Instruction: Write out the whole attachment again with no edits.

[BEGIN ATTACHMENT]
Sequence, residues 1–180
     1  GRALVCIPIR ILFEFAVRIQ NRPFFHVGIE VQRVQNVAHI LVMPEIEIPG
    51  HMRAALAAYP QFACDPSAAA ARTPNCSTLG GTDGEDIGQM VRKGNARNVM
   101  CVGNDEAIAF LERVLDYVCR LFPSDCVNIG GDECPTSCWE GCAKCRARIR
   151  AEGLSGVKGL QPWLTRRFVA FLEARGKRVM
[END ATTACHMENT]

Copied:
Sequence, residues 1–180
     1  GRALVCIPIR ILFEFAVRIQ NRPFFHVGIE VQRVQNVAHI LVMPEIEIPG
    51  HMRAALAAYP QFACDPSAAA ARTPNCSTLG GTDGEDIGQM VRKGNARNVM
   101  CVGNDEAIAF LERVLDYVCR LFPSDCVNIG GDECPTSCWE GCAKCRARIR
   151  AEGLSGVKGL QPWLTRRFVA FLEARGKRVM